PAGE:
Relaxation Expert Suggests You Do This to Create Flow

Follow these four stages to increase your brainpower

Flow is a state of mind. It emerges when your brainwaves are in the theta range linked with REM sleep. Many adults experience it when they meditate or daydream, and it’s predominant in young children.

People covet flow because it makes learning a cinch compared to usual. And they respond to whatever happens in the moment. (Often, we’re off worrying in another mental time zone). Flow’s also super-enjoyable and sometimes described as bliss.

You are dynamic when you flow. You recognize how to make headway as energy streams and your brainpower optimizes. It’s no wonder people want to experience it. Not only do we love life when we have a flow mindset, but we also soak up wisdom.

Flow’s easy, but getting there isn’t

Wouldn’t it be terrific to be in the zone at the drop of a hat? We might like to zip into that magical mindset that makes us happy and smart. But getting there isn’t as easy as you might imagine. Sometimes struggle thwarts us. And kick-starting flow isn’t simple.

According to psychology, it’s natural to find shifting into flow difficult. Struggle is part of the process, and entering the right state of mind isn’t a one-step route. Our lack of understanding about what it takes to flow adds frustration about how to get there.

How to enter a flow brain state

You might assume it should be a doddle to shift into flow, but you can’t get straight into the zone. You move there by degrees, and your struggle signals you’re on the way. Nonetheless, you may quit when you meet a wall between you and your desired mindset.

Recognize the process isn’t a skip through a poppy field, and you can embrace difficulty.

You may imagine initiating flow ought to be easy because flow itself is effortless. Like a river streams with ease, so do you when you’re in a flow state. If you were a river, though, you’d still have to begin somewhere. You’d stem from another place and trickle before you could pour. Entering a flow state is similar.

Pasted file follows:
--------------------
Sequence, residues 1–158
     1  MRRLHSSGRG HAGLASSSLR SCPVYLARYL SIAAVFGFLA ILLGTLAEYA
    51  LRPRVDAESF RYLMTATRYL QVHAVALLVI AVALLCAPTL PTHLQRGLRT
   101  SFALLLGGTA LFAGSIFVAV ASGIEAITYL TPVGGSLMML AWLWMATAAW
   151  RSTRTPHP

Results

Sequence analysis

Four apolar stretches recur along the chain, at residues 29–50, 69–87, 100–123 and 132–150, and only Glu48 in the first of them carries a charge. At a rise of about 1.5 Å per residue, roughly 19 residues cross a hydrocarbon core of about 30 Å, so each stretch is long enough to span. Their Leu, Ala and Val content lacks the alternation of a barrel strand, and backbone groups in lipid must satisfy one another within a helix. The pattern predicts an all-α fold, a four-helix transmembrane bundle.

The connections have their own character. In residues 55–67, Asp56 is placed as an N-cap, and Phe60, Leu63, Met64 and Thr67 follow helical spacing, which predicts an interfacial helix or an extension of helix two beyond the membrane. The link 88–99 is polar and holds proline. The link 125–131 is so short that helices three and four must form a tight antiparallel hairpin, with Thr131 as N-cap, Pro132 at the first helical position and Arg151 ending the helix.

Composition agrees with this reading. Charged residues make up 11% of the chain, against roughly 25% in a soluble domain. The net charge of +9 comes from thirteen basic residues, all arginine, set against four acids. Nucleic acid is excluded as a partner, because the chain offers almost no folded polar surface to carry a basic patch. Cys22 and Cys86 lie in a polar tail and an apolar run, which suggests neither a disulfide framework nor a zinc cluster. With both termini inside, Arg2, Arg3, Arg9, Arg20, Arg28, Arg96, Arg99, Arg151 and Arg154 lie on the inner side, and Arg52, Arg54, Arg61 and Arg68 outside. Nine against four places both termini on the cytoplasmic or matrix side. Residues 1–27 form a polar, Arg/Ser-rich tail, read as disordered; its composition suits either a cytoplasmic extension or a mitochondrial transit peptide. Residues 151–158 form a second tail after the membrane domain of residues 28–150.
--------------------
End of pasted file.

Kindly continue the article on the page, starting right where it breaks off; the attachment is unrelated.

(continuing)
4 Steps to flow

Author of The Relaxation Response Herbert Benson examined flow and identified four stages.

1. Struggle

Approach a hard challenge, or an undemanding job, and you won’t find flow. Flow arises when you stretch your capability but don’t choose a task too far beyond your ability. So, find a happy medium.

2. Release

Release happens when you surrender to the experience and go with it. You release the struggle and respond to each moment as it unfurls.

3. Flow

Now you’re in the part of the flow state you recognize. You’re stretching your boundaries and reaching your potential, and you may lose track of time.

4. Recovery

It takes effort to be in a state of flow, and a period of recovery is necessary afterward. Imagine, for instance, you have a terrific conversation with a good friend. Communicating takes up all your attention and insights stream.

Later, though, you feel tired. Just as running in a race uses energy, so does flowing, and afterward, you need to rest.

Fake flow

Have you noticed you lose yourself in some activities so much you stop thinking of other things? They don’t always involve flow, though. Sometimes, we seek a flow state and think we’ve found it. But something’s amiss. That’s fake flow.

Fake flow can occur when you watch a movie or surf the Internet, for instance. You’re busy and focused. But there’s no challenge involved. Your mindset has nothing to do with pushing to greater potential. You mistake the act of doing something easy for enjoyment.

How to achieve more flow states

1. Reduce distractions

Interruptions, like your phone ringing or shifting tasks, can disturb your progress. Cut disturbing elements in your environment and save unrelated tasks for later.

2. Care about what you do

You won’t find flow when you tackle tasks you dislike. So, if you hate gardening, it will feel like a chore to plant seeds. If you enjoy it though, and love your garden, you may enter a flow state.

3. Your task must stretch you, but not too far

Push a little further than you’ve gone before, so tasks take you out of your comfort zone. But don’t reach for impossible heights. Aim to meet your destination in small, challenging steps.

Flow happens when you become one with your actions and unrelated thoughts melt. You stop worrying about problems and stream with the moment. And as you do so, you are at your best.

Luckily, you need not wait for flow to just happen. Put yourself in the position to enter a flow mindset often, and you will enjoy more bouts of it throughout the day.

Independent content creator, ghostwriter, author mental health advocate, and poet.

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